A team of wildlife veterinarians use a 4x4 vehicle and a rope to turn over a tranquillized elephant in order to attach a GPS tracking collar and remove the tranquillizer dart, in Mikumi National Park, Tanzania. File picture: Ben Curtis/AP

Geneva - International trade in elephant ivory will remain banned, according to a vote at the World Wildlife Conference, known as CITES, in Switzerland.

Thursday's vote by a key committee makes it likely that the plenary session next week will uphold the prohibition of ivory sales.

An ivory statue, right, lies on top of pyres of ivory as they are set on fire in Nairobi National Park, Kenya. File picture: Ben Curtis/AP

Botswana, Namibia and Zimbabwe had proposed they be allowed to sell government-owned ivory stockpiles, in a one-time sale followed by a six-year moratorium. The proposal was defeated with 101 countries opposing and 23 countries in support, with 18 abstentions.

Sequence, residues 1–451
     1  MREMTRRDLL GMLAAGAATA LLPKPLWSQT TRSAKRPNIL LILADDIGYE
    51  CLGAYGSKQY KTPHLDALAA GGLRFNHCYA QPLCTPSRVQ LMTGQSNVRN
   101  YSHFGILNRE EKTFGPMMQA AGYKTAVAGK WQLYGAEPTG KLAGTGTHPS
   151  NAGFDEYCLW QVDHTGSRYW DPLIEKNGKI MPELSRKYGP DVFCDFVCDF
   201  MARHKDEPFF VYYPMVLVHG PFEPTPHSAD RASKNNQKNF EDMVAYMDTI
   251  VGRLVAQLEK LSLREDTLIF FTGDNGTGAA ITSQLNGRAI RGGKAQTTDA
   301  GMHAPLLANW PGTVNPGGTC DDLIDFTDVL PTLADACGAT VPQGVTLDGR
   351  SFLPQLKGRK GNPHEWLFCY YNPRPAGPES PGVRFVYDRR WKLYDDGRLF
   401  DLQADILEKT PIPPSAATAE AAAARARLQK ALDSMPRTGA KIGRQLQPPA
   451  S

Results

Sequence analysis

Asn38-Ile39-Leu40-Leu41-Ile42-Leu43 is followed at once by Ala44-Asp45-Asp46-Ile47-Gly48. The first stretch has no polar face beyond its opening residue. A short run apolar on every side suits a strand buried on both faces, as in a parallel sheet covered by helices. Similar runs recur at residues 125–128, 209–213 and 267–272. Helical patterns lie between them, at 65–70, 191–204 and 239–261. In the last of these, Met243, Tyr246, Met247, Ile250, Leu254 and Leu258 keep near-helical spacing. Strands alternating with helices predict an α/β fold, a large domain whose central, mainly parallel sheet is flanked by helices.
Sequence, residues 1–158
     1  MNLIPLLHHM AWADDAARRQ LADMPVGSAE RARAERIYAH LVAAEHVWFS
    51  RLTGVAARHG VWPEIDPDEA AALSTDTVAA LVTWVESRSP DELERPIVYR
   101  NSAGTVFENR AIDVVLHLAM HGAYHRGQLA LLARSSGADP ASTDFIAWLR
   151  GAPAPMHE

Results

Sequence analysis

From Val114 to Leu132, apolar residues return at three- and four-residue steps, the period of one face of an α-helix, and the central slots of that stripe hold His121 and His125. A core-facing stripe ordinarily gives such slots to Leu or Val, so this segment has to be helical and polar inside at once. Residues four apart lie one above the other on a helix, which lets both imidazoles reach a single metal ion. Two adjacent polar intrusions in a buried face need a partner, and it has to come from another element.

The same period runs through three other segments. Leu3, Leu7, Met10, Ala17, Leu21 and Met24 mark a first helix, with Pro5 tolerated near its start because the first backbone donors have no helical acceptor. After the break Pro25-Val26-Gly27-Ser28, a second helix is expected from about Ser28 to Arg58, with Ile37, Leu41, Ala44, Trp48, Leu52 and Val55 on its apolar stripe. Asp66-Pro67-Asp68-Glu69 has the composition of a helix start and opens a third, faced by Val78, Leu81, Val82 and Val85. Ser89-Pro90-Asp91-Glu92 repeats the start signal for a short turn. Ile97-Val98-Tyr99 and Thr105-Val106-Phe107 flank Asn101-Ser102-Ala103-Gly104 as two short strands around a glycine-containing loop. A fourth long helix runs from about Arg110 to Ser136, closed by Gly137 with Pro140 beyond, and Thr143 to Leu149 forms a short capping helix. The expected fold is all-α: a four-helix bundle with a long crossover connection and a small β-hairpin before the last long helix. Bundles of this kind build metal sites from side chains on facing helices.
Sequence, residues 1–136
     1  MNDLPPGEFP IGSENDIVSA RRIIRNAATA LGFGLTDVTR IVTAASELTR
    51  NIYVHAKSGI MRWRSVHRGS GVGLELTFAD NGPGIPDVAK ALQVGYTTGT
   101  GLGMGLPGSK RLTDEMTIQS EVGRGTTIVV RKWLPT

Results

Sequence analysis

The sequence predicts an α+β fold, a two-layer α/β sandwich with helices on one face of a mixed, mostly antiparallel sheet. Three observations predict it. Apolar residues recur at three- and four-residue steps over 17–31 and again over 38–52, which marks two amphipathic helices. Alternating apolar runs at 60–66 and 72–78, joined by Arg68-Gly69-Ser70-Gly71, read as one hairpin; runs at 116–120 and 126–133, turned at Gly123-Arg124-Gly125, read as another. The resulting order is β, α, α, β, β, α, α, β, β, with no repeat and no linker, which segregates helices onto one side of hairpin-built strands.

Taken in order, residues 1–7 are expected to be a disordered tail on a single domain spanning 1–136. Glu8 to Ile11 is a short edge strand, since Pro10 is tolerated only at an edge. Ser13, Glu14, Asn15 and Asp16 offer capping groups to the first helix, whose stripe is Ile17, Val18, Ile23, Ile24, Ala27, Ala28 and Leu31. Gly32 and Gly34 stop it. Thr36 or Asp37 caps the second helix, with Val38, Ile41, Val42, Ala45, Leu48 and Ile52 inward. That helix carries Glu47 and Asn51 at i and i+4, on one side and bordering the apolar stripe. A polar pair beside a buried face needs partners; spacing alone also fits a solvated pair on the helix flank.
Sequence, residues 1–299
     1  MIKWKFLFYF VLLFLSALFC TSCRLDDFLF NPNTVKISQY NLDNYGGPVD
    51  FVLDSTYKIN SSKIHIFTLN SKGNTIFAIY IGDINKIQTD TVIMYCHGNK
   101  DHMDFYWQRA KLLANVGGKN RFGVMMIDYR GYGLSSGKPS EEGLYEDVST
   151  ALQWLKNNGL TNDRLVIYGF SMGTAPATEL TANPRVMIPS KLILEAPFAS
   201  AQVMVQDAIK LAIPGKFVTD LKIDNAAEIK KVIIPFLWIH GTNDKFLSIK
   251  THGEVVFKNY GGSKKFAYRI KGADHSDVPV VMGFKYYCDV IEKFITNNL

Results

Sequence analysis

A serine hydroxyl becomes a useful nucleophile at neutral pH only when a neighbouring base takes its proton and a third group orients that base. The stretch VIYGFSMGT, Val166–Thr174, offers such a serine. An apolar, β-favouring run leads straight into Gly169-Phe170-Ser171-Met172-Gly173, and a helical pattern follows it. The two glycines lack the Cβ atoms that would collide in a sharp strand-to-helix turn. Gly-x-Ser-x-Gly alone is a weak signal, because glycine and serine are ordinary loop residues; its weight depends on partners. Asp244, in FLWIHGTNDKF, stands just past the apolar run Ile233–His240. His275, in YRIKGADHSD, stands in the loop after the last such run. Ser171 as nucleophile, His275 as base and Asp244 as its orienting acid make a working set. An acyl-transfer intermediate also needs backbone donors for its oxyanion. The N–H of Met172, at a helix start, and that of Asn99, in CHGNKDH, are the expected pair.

Kenya and several other African countries opposed the proposal to lift the ban on ivory sales, arguing that even restricted, legal sales would fuel greater demand for elephant ivory on the international market. The African Elephant Coalition, representing 32 African countries, opposed allowing any ivory sales.

Two young elephants play in Mikumi National Park, Tanzania. International trade in elephant ivory will remain banned, according to a vote at the World Wildlife Conference, known as CITES, in Switzerland. File picture: Ben Curtis/AP



AP